Thanks to “Hamilton,” “The Color Purple” and a few other possibilities, the nominations for the 70th annual Tony Awards almost certainly will not be all white when they are announced on May 3.

Still, not much has changed on Broadway since members of the performing arts community from across the country met at the Shubert Theatre for a symposium on nontraditional casting 30 years ago. The aim was to push the virtually all-white American theater power structure to include a more diverse population of playwrights, directors, stage managers and others. We’re still having the same conversation.

There has been some progress. For example, Actors’ Equity Association, the actors union, now has equality of opportunity included in its production contract. These days it’s expected that efforts will be made to include people of color when that doesn’t conflict with the intentions of the production.

This season, we’ve seen Broadway revivals cast nontraditionally: James Earl Jones and Cicely Tyson in “The Gin Game” and Forest Whitaker in “Hughie.” Such choices have not always been universally accepted. The Pulitzer Prize- and Tony Award-winning playwright August Wilson, who was black, called such nontraditional casting “an aberrant idea that has never had any validity.”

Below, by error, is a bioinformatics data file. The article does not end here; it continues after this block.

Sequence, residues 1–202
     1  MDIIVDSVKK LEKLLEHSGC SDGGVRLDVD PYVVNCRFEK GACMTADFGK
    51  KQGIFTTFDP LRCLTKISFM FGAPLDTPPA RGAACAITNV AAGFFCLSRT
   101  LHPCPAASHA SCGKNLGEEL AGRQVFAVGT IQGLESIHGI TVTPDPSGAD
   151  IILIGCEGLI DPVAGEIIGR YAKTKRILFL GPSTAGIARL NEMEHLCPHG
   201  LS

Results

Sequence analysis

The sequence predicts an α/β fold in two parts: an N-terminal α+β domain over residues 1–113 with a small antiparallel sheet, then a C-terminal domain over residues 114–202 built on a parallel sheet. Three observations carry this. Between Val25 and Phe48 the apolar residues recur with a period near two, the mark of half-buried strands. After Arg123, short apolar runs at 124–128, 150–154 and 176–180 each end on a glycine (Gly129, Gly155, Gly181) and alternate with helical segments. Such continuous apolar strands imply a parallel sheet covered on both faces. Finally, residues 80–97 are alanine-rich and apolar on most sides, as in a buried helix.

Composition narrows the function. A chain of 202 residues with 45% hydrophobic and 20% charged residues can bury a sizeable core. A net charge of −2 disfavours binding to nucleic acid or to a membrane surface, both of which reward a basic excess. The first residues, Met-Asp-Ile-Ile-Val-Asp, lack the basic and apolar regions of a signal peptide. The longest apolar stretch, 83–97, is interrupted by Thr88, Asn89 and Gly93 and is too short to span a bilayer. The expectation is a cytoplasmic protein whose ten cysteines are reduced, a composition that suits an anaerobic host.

The Broadway League’s data reveal that almost 80 percent of Broadway tickets this season were bought by Caucasian theatergoers. Some producers claim catering to this audience tilts productions white.

The Black Lives Matter movement and the indictment of today’s America by writer Ta-Nehisi Coates and others have jolted me, a NYC white progressive, out of the comfortable belief that, since we’ve elected a black president, we are nearing our goal of a more perfect union.

What keeps me optimistic is the knowledge that before the Internet, TV, radio and newspapers, theater was the way people learned about the world. Theater can still play that role. What is needed are plays and musicals that confront our lives in imaginative ways. There’s only one “Hamilton,” but the shock to white audiences’ perception of our shared history is palpable.

Leida Snow is an award-

winning journalist and former theater critic. She is writing a book about Broadway.